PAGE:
by Matt Kolbet
Enter Carla Jenkins. She looks fifty but might be older. The courtroom is crowded, though her case is prompted primarily by personal loss. "Bill was such a good man," she whispers as she lets the door close behind her. Perhaps she is reassuring herself. Perhaps she knows people are listening, and that her every word, her stooped shoulders, her slow gait as she walks to the front of the room and sits down, will be reported on the evening news.
Her attorney smiles at her, his own brand of creepy reassurance. He has grandstanded outside the courthouse. His rallying cry makes the front page: "We don't tolerate bullies!"
Carla waits for the proceedings to begin. She has not always been comfortable with the laws of the land, but for the last fifteen years she has lived in Tallahassee, Florida. In Florida, Carla believes, people understand justice. And her thoughts, "When the rest of the world lets you down, you look for justice in the courts, the last place anyone can find it," channeled through her lawyer, have made fellow Floridians proud.
The opening statement is brief. Carla's attorney makes an appeal to the masses. "It is not merely the elderly that suffer. The husband of this fine woman, Bill Jenkins, was a victim, but children too are victims here, and all of them innocent." He pauses, then repeats, knowing it will grab headlines, "And believe me, cancer is a bully."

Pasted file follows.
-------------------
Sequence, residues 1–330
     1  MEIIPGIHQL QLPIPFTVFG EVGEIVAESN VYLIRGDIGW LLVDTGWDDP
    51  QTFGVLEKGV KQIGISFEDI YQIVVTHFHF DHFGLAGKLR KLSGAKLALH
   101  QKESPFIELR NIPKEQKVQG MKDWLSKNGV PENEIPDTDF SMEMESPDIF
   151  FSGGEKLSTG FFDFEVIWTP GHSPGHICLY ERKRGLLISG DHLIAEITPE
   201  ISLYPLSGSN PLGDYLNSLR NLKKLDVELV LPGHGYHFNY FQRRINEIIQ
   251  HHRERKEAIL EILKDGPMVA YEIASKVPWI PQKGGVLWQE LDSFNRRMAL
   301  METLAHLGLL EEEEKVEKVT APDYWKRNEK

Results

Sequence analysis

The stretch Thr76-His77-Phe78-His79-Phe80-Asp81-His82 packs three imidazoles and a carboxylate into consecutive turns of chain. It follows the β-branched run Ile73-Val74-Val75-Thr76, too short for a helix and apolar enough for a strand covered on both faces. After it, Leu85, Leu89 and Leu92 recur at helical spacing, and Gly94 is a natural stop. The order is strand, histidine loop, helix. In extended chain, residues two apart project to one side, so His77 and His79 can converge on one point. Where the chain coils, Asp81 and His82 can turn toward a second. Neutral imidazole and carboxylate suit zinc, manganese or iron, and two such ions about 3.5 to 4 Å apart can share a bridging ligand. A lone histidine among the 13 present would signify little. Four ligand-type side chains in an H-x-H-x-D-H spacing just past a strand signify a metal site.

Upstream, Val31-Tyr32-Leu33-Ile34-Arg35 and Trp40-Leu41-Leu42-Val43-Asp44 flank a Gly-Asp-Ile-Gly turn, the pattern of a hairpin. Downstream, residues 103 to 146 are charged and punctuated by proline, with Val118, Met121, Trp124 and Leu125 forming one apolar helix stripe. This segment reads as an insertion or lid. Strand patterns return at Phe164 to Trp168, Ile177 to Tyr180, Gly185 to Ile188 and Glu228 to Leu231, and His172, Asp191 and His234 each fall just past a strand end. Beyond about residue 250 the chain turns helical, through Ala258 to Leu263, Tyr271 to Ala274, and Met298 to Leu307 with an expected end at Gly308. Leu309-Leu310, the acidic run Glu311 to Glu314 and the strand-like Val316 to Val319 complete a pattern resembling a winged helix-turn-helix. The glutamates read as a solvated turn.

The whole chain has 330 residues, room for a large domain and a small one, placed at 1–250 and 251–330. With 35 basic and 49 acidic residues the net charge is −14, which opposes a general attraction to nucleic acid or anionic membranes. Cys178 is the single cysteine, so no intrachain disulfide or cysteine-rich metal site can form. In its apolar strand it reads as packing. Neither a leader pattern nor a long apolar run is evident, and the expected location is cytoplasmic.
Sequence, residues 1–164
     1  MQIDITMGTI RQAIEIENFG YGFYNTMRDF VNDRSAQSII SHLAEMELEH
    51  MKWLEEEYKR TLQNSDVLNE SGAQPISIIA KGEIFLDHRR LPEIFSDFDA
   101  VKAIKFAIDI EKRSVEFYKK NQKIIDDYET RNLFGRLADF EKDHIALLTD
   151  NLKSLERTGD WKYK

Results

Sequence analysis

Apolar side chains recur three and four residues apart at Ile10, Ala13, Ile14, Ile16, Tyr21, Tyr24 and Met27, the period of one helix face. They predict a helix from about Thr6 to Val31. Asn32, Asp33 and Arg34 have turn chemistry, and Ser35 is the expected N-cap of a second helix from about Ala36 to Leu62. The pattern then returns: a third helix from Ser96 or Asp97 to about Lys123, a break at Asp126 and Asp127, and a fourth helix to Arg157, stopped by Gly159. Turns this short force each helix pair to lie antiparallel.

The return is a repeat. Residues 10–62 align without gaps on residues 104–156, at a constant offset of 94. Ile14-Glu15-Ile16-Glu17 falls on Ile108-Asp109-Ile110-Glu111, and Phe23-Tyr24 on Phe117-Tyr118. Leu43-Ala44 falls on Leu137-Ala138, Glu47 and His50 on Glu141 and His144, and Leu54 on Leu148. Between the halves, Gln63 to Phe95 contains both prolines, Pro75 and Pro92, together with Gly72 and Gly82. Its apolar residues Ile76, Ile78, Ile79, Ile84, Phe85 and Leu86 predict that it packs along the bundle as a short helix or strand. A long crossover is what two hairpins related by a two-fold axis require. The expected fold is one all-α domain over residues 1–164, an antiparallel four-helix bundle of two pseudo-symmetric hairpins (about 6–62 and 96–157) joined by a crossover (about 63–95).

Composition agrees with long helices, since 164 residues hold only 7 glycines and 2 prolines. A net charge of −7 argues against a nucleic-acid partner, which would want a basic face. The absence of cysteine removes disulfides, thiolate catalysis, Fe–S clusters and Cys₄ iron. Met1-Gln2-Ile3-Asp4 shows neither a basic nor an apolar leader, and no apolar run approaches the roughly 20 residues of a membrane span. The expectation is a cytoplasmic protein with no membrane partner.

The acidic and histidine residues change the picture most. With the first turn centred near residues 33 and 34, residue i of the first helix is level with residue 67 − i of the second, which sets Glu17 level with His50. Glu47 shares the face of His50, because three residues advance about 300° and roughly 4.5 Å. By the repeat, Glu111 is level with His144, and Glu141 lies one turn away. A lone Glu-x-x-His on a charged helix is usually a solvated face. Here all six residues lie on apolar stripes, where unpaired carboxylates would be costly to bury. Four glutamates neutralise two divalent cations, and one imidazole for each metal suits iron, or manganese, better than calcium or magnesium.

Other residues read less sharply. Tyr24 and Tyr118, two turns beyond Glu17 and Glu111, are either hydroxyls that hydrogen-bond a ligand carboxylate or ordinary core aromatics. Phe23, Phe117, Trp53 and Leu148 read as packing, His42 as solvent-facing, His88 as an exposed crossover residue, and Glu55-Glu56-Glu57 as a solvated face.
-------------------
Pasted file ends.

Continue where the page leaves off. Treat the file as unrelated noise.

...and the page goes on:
Brent Goldwin serves as the defense attorney, though his capacity is largely unofficial, and he does not expect to be paid. "No one wants to defend cancer," he says. "It's terrible. But under the law, even a disease has rights, and our courts have more important issues to deal with. I am sorry for Mrs. Jenkins' loss. But suing cancer for wrongful death is like suing obesity because you're fat." This last remark prompts jeers from the audience and the presiding judge has to bang his gavel. The fat people, those who have put forth the effort to rise, sit down sullenly. The rest glare over their double chins.
At the end of the first day, Carla is not dismayed. Traditional treatments such as chemotherapy and prayer have failed, but she knows that the courts can bring cancer down. She knows it is the only way to win when medicine proves ineffectual and God follows suit.
And her attorney will present more damning evidence, she thinks, to turn the medical world on its ear. Yes, the only thing that's necessary is to paint cancer as un-American.
As she walks through the glare of flashbulbs that temporary blind her with fame, Carla begins to make other plans. If these first efforts falter, she will bring other suits. First against chicken pox, then diphtheria, and finally, she believes, against atheism.
If you enjoyed this post, please let others know about it by heading to one of these fine sites or those listed in the sidebar.